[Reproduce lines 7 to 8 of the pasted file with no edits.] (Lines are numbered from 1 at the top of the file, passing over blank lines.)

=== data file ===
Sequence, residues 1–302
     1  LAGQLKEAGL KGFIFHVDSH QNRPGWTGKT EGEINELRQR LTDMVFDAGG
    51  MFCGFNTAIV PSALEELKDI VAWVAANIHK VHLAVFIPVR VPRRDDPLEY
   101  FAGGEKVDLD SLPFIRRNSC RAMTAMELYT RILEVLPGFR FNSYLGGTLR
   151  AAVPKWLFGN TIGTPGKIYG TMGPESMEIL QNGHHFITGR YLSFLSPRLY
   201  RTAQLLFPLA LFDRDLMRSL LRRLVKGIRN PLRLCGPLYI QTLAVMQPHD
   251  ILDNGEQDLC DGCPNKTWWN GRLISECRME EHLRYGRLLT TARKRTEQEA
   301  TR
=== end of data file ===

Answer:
   251  ILDNGEQDLC DGCPNKTWWN GRLISECRME EHLRYGRLLT TARKRTEQEA
   301  TR